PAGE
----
Canadians facing big capital gains hit

Canadians facing big capital gains hit

Canadians facing big capital gains hit A CIBC poll has found that 70% of Canadians leaving assets to their heirs plan to leave real estate. Unfortunately, most Canadians are woefully unprepared when it comes to the important issue of tax and estate planning. Many could face a big capital gains hit as a result of this unprecedented transfer of wealth.
But advisors face a tremendous opportunity to add value with existing clients interested in leaving real estate in their wills.
"Passing on the family home or cottage is not an easy decision to make, particularly since a great deal of emotion is attached to it," said CIBC’s Jamie Golombek, managing director for tax and estate planning. "With professional advice and advance planning, you may be able to mitigate some of the challenges that arise from owning multiple properties."
A big real estate conundrum for many is how to deal with the transfer of the cottage. Golombek recommends that anyone planning to do so have a discussion with their family to ensure that everyone’s on the same page when it comes to transferring the asset.
In Southern Ontario, for example, a retired couple could have a house in Toronto and a cottage up in Muskoka. Even if they sell the house (principal residence) and move to the cottage on a permanent basis, there will still be a capital gains tax issue once they both pass.
“If you leave the family cottage to the kids one of the big questions is going to be ‘who is going to pay the capital gains tax?’ said Victoria-based Raymond James advisor Sybil Verch. “Is their money in the estate to cover it or will the kids pay it or do you have enough life insurance to cover it?”
In the example of the couple with the home in Muskoka, should they leave the property to heirs a year after moving in permanently, the tax-free portion of the capital gains would be the sale price (assuming it’s sold) less the value of the home when it became the principal residence plus any renovations done after it became the principal residence. Of the remaining capital gains, 50% would be taxable.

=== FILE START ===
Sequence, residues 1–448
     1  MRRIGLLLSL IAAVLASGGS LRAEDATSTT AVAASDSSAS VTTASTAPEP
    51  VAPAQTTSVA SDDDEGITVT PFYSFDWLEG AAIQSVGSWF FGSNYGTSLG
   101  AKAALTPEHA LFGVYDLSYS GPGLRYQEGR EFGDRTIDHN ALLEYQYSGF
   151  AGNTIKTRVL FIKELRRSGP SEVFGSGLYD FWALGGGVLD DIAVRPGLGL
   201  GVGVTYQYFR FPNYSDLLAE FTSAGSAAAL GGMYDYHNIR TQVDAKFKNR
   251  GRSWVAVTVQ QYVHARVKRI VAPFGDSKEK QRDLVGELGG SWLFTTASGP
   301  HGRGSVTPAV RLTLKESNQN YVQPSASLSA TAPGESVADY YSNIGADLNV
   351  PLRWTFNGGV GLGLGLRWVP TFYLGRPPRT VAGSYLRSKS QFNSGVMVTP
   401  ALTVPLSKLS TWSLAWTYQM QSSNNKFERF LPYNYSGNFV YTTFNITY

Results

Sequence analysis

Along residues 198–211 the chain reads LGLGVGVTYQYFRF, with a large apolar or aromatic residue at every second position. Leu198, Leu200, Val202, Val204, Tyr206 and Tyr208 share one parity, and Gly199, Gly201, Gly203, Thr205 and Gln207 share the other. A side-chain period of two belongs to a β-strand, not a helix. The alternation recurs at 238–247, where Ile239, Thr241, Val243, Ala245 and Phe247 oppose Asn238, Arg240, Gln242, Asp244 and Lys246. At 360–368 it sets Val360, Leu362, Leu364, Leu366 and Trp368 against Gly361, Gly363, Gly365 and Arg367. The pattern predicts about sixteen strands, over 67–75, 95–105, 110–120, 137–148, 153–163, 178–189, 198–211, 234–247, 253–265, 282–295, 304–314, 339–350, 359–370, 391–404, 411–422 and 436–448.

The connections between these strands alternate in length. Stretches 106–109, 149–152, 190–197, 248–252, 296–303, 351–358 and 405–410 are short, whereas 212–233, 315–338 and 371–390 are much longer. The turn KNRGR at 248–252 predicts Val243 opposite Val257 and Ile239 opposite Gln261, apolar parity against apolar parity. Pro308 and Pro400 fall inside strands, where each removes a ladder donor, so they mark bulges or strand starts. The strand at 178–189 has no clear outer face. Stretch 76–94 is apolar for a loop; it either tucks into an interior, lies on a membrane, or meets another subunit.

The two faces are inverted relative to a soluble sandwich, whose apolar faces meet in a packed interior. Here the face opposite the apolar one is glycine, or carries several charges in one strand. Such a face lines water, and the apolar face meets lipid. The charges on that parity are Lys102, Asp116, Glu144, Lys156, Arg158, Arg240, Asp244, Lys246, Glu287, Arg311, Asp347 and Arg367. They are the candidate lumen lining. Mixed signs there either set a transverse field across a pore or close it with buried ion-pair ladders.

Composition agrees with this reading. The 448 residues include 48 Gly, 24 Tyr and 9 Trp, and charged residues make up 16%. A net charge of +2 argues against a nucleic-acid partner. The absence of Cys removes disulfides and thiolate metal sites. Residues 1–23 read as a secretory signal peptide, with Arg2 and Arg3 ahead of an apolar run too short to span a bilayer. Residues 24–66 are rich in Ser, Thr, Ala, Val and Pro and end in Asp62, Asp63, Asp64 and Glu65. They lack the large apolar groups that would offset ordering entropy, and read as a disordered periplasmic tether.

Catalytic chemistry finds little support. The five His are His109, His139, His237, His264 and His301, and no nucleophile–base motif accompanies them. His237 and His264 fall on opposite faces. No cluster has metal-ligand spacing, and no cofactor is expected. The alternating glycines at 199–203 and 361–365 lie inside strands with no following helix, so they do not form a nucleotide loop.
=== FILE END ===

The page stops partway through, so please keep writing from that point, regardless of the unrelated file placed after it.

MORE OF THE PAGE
That leaves very little to be sheltered under the principal residence rule and a big tax hit as a result.
“Wouldn’t it be nice to leave a legacy and leave the cottage for the family to enjoy for generations to come? It doesn’t quite work that way,” Verch told WP. “The first step is really to have a family meeting so everyone can get their point of view out while the mom and dad are still alive.”
  • Bob Jamieson 2015-10-13 5:24:30 PM
    The example has some errors.
    The way it reads now would imply that, if the property has not gained in value after becoming a principle residence, no tax would apply. This is not correct.

    In particular:
    - it does not refer to the increase in value of the cottage over its original cost (less reno costs), prior to becoming a principle residence.
    - it should note that tax is applied to only 50% of the capital gain
    - also, renovation costs done after it became (= is claimed as) the principle residence are not relevant.
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  • Will Ashworth 2015-10-14 9:07:12 AM

    Thanks for picking up on the mistakes in the paragraph above. I've fixed that to hopefully make sense.

    Just another reason why advisors earn their keep.

    Keep the great comments coming.
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